3 ways to lean into courageous conversations

3 ways to lean into courageous conversations
December 4, 2019 Linda Murray
Courageous conversations

When was the last time you stopped for a moment to analyse and grade your own communication skills? How do you rate yourself?

No matter how skilled you are at building relationships with others, this is an area of communication that most struggle to master. As I’ve discussed in previous posts, being able to have courageous conversations is a necessity as a leader. Without them, it’s impossible to champion change and improve performance in our organisations. While many managers dread these occasions, these types of talks don’t have to be purely negative events. In fact, they shouldn’t be.

I’d like to give you 3 ways to support you leaning into those uncomfortable conversations you’ll need to have as a leader.

Stop fearing the conversations.

One of the questions I ask my clients is “what might happen if you don’t have this conversation?” In most cases, when they think it through, the consequences of not doing anything are far worse than the conversation itself. What my question does is to stop them focusing on their fears and how they feel or visualising the worst-case scenario of how the other person might react. Almost never is having the conversation as bad as we imagined it to be, is it?

And just a tip here – don’t put the conversation off! Typically this will fuel your fears and give you time to imagine even worse case scenarios. Work out what you need to talk about, how you can encourage the other person to contribute to the conversation and how you can guide them to the best outcome. Then, go and have the conversation.

Be open to learning

Communication is a two-way street, even during hard conversations. Focus on being open to another viewpoint during the conversation. Don’t just deliver the news. Listen and ask questions to learn and better respond to others. Don’t be afraid to question your own assumptions. Ask questions to make certain that you have all the facts.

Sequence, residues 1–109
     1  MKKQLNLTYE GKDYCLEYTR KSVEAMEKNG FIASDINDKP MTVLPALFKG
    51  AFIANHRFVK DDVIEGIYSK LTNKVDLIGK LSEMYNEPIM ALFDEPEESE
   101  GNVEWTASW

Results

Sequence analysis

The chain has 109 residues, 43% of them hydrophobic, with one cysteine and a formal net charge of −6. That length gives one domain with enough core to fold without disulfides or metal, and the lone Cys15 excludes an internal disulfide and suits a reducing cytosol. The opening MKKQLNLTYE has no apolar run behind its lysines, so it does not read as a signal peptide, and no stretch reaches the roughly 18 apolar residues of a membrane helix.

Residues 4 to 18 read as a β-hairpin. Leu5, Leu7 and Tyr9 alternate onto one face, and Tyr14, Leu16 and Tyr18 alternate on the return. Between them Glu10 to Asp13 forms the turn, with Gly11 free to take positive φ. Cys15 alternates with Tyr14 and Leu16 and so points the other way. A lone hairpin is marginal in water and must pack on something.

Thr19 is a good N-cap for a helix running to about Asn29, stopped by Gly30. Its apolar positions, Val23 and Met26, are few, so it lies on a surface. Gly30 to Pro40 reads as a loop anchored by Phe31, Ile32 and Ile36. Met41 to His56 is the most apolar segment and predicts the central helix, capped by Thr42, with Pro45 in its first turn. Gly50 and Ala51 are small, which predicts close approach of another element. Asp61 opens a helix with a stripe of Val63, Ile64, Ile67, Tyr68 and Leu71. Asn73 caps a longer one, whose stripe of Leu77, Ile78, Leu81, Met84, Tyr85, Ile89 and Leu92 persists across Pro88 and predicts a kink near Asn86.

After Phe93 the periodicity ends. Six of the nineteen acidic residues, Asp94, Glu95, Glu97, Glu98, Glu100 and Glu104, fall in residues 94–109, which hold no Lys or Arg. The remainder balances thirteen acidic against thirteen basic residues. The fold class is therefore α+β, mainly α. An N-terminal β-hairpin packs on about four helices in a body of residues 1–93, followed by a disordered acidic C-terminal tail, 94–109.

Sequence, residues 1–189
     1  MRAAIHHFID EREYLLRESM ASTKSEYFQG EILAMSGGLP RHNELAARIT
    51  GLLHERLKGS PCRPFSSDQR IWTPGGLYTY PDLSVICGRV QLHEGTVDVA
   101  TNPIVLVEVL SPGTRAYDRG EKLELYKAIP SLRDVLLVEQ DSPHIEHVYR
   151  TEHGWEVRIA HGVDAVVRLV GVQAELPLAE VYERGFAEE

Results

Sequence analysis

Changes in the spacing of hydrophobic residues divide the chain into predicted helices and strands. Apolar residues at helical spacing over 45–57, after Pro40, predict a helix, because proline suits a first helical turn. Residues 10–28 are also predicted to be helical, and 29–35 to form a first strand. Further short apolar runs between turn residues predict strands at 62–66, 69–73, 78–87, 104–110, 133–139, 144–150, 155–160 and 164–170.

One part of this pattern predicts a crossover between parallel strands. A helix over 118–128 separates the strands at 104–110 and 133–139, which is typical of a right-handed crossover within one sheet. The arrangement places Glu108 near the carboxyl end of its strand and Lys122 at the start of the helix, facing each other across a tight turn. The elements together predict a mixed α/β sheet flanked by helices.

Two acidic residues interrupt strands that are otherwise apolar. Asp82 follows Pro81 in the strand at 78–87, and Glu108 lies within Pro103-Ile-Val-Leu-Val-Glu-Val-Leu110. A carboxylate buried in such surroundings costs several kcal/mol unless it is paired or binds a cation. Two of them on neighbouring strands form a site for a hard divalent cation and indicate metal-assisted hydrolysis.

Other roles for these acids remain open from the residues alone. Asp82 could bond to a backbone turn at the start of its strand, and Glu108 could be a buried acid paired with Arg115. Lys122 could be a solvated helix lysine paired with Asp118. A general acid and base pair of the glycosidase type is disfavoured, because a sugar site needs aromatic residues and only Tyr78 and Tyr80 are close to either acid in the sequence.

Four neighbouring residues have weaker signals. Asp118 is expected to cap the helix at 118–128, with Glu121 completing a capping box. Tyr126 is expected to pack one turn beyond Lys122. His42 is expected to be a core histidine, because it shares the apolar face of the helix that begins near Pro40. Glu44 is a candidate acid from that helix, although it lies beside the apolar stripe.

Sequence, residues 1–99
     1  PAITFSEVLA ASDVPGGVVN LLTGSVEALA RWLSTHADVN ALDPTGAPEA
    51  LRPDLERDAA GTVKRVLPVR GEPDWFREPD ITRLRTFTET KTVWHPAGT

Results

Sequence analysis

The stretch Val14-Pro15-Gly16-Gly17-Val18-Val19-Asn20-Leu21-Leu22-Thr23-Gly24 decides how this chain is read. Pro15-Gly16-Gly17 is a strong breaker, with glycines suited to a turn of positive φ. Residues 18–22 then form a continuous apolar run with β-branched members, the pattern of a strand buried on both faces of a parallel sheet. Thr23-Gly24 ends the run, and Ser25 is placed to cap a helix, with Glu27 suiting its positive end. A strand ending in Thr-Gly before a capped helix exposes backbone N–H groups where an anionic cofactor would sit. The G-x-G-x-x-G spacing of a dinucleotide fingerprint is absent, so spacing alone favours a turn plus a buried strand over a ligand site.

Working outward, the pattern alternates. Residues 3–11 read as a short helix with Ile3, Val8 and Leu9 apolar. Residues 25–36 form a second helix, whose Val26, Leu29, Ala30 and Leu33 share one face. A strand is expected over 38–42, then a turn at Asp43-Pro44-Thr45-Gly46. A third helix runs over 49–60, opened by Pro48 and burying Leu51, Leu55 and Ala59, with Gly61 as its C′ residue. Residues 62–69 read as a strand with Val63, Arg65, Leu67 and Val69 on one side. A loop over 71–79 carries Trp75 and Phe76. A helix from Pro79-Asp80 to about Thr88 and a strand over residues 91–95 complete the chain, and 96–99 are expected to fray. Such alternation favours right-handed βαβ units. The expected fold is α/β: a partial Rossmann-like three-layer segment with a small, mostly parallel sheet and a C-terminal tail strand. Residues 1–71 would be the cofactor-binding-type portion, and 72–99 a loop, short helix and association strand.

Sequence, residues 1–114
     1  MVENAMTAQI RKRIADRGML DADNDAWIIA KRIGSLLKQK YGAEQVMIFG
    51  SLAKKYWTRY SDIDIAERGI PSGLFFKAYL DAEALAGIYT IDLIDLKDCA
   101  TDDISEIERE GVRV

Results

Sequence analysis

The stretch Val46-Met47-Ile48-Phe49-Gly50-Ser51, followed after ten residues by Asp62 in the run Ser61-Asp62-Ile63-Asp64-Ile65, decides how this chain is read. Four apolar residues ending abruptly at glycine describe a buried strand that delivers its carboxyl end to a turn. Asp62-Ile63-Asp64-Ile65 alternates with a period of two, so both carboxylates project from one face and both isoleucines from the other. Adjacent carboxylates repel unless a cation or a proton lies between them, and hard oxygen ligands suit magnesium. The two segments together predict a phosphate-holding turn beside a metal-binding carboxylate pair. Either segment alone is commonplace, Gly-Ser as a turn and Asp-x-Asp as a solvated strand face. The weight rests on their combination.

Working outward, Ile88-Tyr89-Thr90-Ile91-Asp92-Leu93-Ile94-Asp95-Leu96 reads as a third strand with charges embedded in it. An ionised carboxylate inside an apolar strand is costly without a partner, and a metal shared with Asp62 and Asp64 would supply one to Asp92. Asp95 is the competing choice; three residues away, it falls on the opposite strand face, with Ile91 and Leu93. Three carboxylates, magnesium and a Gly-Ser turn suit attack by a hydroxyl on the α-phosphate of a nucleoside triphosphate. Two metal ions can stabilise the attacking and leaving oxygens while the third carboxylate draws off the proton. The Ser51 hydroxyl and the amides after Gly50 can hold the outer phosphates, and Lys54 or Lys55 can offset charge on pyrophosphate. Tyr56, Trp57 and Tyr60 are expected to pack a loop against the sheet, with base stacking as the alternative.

Being open to learning more about the views and feelings of others will improve the trust and respect between you, even when you need to discuss something that’s negative or unpleasant.

Take responsibility for the conversation

You can’t be responsible for the actions of others, but you need to hold yourself responsible for the quality of your conversation. Remember, you are the leader and with that role comes a level of power your team members don’t have. That means there’s an imbalance when you have your conversation. Your words carry the weight so think carefully about what you say and how you say it. You are not just managing a chat; you’re managing a relationship. Try to close the gap by being your authentic self, genuine and honest. Share yourself so they understand both your conviction and compassion for them and the situation.

Confront your fears and stop being afraid to give feedback. Strong relationships are built on mutual trust and respect. You and your team will only grow in an environment where everyone is encouraged to take risks and ask questions as they seek growth.

If you have any questions or you are looking for additional support to lean into these conversations, I am here to help you. Please get in touch.

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